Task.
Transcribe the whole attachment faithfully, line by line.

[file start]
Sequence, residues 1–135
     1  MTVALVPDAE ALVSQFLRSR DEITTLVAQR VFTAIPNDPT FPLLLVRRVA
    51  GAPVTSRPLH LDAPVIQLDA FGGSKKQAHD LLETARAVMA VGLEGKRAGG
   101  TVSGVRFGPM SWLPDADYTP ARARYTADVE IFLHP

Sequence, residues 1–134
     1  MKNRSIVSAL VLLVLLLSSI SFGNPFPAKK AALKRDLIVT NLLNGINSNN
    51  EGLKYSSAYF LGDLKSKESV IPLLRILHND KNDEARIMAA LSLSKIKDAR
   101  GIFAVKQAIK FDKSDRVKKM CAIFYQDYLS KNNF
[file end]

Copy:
Sequence, residues 1–135
     1  MTVALVPDAE ALVSQFLRSR DEITTLVAQR VFTAIPNDPT FPLLLVRRVA
    51  GAPVTSRPLH LDAPVIQLDA FGGSKKQAHD LLETARAVMA VGLEGKRAGG
   101  TVSGVRFGPM SWLPDADYTP ARARYTADVE IFLHP

Sequence, residues 1–134
     1  MKNRSIVSAL VLLVLLLSSI SFGNPFPAKK AALKRDLIVT NLLNGINSNN
    51  EGLKYSSAYF LGDLKSKESV IPLLRILHND KNDEARIMAA LSLSKIKDAR
   101  GIFAVKQAIK FDKSDRVKKM CAIFYQDYLS KNNF